## irreversible vs reversible expansions

Caitlin Dillon 3G
Posts: 26
Joined: Wed Sep 21, 2016 2:56 pm

### irreversible vs reversible expansions

Can someone please explain the difference between these two? I am having a hard time visualizing it. Irreversible has a constant pressure, and reversible does not? Correct? I also never know what formula to use for work.

Vivian Wang 3J
Posts: 29
Joined: Wed Sep 21, 2016 2:57 pm
Been upvoted: 1 time

### Re: irreversible vs reversible expansions

A reversible process can be reversed because the conditions under which it is carried out are very controlled. For the piston example in the textbook (page 265), the pressure of the confined gas and the external pressure are matched to keep the system in thermodynamic equilibrium. At equilibrium, the system can go either way, so it is considered reversible. The external pressure and the pressure of the confined gas are constantly being matched so that the system can remain in equilibrium. At any point, the piston can move out or in because the external pressure and the pressure of the confined gas are equal.

In an irreversible process, using the same piston example, the external pressure is held constant, which means that the system is not in equilibrium and the piston can only move in one direction.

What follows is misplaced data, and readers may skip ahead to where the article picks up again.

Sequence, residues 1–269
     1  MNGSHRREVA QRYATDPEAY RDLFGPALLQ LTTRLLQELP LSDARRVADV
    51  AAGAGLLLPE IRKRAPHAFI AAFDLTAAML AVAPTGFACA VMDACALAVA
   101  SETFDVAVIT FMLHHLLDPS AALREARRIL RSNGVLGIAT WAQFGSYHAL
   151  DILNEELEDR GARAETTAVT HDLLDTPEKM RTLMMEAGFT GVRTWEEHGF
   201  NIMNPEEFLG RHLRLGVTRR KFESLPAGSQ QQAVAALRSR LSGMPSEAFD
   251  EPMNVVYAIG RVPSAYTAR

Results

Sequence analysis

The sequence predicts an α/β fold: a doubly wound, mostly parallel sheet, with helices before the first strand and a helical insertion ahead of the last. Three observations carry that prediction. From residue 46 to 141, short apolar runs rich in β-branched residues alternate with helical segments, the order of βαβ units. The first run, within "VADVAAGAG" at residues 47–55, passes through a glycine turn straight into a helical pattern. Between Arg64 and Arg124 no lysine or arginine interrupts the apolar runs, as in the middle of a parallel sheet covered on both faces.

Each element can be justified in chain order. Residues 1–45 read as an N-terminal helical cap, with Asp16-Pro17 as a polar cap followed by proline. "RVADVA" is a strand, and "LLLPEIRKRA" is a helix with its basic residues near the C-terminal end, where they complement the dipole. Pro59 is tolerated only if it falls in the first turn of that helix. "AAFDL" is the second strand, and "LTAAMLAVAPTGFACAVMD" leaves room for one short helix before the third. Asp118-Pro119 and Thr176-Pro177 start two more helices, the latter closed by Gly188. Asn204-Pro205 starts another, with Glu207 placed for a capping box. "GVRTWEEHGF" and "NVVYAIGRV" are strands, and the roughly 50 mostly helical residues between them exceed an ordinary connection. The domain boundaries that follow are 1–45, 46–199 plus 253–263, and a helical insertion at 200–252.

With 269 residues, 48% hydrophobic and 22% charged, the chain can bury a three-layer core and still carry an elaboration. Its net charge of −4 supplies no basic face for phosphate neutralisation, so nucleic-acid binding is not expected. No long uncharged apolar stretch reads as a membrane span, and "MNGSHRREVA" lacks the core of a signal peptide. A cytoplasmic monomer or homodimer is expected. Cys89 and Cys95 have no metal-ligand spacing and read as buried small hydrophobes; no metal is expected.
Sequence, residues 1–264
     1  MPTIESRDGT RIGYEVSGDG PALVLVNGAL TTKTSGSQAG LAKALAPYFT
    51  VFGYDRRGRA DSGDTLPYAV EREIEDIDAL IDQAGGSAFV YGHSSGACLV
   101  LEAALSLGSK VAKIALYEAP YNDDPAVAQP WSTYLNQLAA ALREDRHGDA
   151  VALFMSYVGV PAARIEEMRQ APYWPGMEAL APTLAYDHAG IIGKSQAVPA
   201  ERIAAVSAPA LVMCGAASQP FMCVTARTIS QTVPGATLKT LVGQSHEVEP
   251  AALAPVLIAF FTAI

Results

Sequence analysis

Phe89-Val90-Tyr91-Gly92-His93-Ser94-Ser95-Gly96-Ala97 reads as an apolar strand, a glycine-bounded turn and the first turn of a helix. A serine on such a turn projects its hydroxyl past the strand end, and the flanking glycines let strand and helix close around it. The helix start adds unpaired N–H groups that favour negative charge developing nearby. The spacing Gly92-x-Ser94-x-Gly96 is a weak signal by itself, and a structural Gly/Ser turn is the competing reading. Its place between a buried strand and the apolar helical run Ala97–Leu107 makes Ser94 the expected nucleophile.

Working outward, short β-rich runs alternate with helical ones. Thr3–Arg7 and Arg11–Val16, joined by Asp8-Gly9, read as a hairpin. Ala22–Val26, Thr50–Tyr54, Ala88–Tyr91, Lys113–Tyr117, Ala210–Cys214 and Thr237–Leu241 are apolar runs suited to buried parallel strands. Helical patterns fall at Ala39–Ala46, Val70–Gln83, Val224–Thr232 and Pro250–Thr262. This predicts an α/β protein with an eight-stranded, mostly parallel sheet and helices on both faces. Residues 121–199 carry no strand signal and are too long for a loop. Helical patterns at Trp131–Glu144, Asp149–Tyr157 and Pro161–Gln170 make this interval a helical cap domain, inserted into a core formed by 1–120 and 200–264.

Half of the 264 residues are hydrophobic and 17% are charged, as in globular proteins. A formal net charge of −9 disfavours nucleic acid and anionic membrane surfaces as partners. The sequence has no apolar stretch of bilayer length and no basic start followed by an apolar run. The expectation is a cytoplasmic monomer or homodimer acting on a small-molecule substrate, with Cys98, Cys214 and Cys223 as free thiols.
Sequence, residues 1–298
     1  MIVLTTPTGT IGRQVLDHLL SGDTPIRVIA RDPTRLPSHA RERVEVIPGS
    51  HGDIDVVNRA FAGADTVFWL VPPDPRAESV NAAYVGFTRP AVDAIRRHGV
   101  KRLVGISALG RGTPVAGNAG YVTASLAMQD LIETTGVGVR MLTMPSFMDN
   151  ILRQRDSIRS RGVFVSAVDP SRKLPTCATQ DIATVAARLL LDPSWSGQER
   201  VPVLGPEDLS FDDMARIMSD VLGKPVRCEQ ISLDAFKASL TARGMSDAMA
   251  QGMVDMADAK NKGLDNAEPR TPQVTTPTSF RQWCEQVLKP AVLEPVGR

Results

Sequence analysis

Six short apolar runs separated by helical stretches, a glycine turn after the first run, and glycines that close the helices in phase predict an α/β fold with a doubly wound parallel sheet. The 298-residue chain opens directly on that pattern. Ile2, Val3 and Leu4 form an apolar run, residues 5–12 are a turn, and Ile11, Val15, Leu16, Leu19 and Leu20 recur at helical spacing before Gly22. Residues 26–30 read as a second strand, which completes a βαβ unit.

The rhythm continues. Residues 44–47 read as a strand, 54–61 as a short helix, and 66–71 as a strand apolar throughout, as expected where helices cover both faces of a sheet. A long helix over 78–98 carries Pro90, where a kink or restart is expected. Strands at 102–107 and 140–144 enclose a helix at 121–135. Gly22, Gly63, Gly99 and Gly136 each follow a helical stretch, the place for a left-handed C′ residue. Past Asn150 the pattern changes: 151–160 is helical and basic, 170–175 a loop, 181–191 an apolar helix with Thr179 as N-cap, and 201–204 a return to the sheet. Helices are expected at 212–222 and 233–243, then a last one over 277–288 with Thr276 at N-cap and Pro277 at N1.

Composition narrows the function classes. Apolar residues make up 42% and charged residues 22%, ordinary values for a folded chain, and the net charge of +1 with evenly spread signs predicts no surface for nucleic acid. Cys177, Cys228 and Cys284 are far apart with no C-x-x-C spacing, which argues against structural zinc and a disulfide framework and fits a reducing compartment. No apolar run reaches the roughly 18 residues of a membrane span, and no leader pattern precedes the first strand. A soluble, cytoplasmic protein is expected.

Use this work formula for reversible process:
$w = -nRT\textup{ln}\frac{V_{final}}{V_{initial}}$

and this one for irreversible process:
$w = -P_{ex}\Delta V$
Last edited by Vivian Wang 3J on Sat Jan 21, 2017 11:17 am, edited 2 times in total.

Chem_Mod
Posts: 18895
Joined: Thu Aug 04, 2011 1:53 pm
Has upvoted: 717 times

### Re: irreversible vs reversible expansions

A reversible process in thermodynamics is one in which the process can be repeated/reversed via. an infinitesmally small change. In the case of gas expansion, this means that the external pressure change is infinitesmally small (changing very, very little at once) and the pressure of the system reacts correspondingly. The defining characteristic is that, in a reversible system, the final and initial states of the system are always at equilibrium since the slight change in external pressure is immediately "felt" by the system, which reacts immediately to reach equilibrium. This is repeated in infinitely small units an infinitely large amount of times until the true final and initial states are reached. By doing so, work is maximized. Thus, the initial state can be restored from the final state without any losing any work - it can be reversed and repeatedly indefinitely. This is an ideal process.

In an irreversible process, which all natural processes are, the initial state cannot be restored without any work done. For example, imagine a piston system in equilibrium with the external pressure i.e it's not moving. If the external pressure suddenly dropped to half of what it was, the piston system would have to respond to the drop in external pressure by expanding. Since the external pressure drop was not in an infinitesmally small amount, the process is irreversible and loses some measure of efficiency.